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What is Senior Management Support for SCM Projects?

As we in the US cruise into a holiday weekend, I am dusting off an idea I have been thinking about for quite awhile, but never quite got around to addressing – specifically, just what is “senior management sponsorship or support” for a supply chain project?


Here is my point: in virtually every supply chain case study presentation, somewhere along the way – usually under “lessons learned” – there is a bullet that goes something like this: “Senior Management Support is Critical.”


In fact, I have joked in the past that we should just create a Lessons Learned PowerPoint template that would have “Senior Management Support is Key,” “Do More Training,” and “Do More Testing” already filled in. A few empty bullets would be available for user customization.


This is my problem – if we are going to say that senior management support is critical, that implies that, in at least some cases, projects are undertaken without senior management support. Otherwise, saying such support is essential is meaningless. 

Gilmore Says:


"Sometimes, we let the thing move forward because we don’t have good reasons against it, but we are not really engaged in its success."

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Said another way – obviously, some executives must be letting some projects move forward which they do not really back strongly.


My friend Gene Tyndall, now at Tompkins Associates, says he does in fact see this happening: “We frequently come in and see projects and initiatives going on without senior executive support. I have seen task forces, committees, projects, and other supply chain activities going on without this, and some may thus languish for months, even years.”


It seems to me there are at least two levels of senior management support. One is the support of the supply chain executive him or herself for projects under their organization. If you are leading the charge for a new approach to demand planning, for example, you would certainly hope to have the support of the top supply chain executive that you work for directly or indirectly.


But the supply chain executive him or herself, of course, must also have “support” for other supply chain initiatives, especially those that really start to cross functional boundaries. For example, when I spoke to Mark Holifield, SVP of Supply Chain at Home Depot a few weeks ago about the supply chain transformation he has led, not surprisingly he discussed the support he has received from the CEO and his executive peers for supply chain changes that have impacted every area of the company.


Do companies launch supply chain projects that don’t have one or both types of senior executive support? I think they do, and that this happens in several ways.


For example, someone in the supply chain organization might have an idea that can really lead to solid improvements in cost or performance – and it really is a good idea. While the supply chain executive intellectually understands that this is a good thing, it is not connected in a deep way to what is important to him or her right now. If you are any sort of manager, you likely have experienced this phenomenon – I know I have. You are focused on certain things at the moment. An idea is brought forth that is objectively a good one, but not on your personal radar screen.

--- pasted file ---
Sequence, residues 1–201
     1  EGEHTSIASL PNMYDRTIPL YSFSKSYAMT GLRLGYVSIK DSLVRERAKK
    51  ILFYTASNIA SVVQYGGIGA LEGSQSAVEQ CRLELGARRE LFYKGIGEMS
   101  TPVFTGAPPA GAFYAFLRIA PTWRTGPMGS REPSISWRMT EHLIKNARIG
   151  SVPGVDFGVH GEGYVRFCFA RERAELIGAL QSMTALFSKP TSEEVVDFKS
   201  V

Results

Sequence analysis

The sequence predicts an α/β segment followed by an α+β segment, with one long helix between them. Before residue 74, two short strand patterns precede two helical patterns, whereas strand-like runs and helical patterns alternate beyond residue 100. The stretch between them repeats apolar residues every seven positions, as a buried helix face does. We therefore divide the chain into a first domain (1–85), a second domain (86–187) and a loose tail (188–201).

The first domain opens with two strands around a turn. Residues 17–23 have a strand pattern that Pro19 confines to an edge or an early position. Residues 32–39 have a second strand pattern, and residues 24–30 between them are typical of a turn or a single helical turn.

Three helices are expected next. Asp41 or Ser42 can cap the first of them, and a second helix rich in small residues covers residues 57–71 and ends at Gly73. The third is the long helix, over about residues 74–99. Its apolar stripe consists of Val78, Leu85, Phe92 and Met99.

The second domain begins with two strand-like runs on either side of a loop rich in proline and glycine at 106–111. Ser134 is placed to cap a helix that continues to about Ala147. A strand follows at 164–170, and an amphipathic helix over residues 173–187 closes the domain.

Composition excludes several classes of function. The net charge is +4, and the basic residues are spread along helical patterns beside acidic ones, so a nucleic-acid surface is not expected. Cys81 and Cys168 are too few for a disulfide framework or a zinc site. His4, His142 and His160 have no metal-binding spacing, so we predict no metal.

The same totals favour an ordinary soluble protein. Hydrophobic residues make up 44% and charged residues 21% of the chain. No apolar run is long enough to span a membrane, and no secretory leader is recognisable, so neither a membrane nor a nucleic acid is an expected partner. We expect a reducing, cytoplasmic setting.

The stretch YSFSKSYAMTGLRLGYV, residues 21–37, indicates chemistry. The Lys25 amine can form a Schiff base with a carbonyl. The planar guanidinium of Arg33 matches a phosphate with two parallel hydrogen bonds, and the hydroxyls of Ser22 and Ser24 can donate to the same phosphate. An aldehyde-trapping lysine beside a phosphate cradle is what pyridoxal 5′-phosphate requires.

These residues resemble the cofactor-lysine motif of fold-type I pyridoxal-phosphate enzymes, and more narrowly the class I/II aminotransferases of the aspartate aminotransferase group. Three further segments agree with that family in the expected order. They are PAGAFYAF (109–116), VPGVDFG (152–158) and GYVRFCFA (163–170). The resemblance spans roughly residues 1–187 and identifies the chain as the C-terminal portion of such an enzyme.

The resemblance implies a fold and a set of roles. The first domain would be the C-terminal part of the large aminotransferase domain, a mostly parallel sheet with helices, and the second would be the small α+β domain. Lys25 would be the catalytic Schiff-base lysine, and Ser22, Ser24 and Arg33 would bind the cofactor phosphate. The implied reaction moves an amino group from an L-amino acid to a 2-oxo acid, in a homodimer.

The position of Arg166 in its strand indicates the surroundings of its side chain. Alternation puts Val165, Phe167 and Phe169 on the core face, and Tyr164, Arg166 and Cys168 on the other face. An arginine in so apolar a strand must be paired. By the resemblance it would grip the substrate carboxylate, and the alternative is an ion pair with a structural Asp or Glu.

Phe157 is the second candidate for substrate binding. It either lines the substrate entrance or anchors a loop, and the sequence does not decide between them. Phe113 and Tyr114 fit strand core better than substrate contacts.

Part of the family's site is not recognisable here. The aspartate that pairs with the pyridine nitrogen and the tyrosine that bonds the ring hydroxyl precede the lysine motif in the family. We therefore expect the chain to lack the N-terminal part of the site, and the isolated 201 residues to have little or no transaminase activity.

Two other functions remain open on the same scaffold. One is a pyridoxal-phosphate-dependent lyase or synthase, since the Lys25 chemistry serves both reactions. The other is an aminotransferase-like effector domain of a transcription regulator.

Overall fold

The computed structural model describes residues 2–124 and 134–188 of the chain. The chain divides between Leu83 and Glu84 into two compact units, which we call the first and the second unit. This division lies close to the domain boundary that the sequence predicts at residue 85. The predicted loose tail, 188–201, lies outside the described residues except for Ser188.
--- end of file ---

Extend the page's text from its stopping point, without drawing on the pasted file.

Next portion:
So, sometimes, we let the thing move forward because we don’t have good reasons against it, but we are not really engaged in its success.


Second, a project or initiative can have what appears to be support from the senior supply chain executive, but somewhere along the way that support is at least partially withdrawn, usually because other priorities emerge in the meantime. If you have project A starting out and not long after a merger is announced that will require substantial integration effort and time from the VP of Supply Chain, the initial and well intentioned support for a relatively minor project may dissipate.


The third type is more complicated. That is where the supply chain group and leader are fully behind a project, but the CEO/COO and/or the leaders of other functions are not really behind it. If the CEO, for example, doesn’t drive other functions to get on-board, the supply chain initiative may stagger or fail.


As a simple example, I once had some connection to a transportation management system (TMS) project where savings were in part dependent on some changes in the way customer service did things with orders. There were clearly some misunderstanding between logistics and customer service, and it caused the company several months of grief (and lost savings) after the system went live before things were eventually rectified (with “senior management support”).


So what’s the point of all this?


First, if you are a supply chain leader, you have to discipline yourself to not let projects that make sense intellectually get approved if in your gut they are not really supportive of your current goals and objectives. If you believe senior executive support is critical, you simply cannot let projects proceed for which you are not really committed.


Second, if you are a manager, you need to put your passion for a project to the side if you sense you do not really have senior management support. That may be hard if you have a great project you really believe in, but it will usually be better for you and your career to pass, at least temporarily, on a “great” project that doesn’t have that support for now. Admittedly, broaching that subject with the boss may not be easy (“Do you really support this project?”), but it seems to me that if someone came to an exec and said, “I think this is a really good project, but I’ll need your strong support for it to be a success, and I want to be sure this really is aligned with your priorities” or something like that, most would view that discussion positively.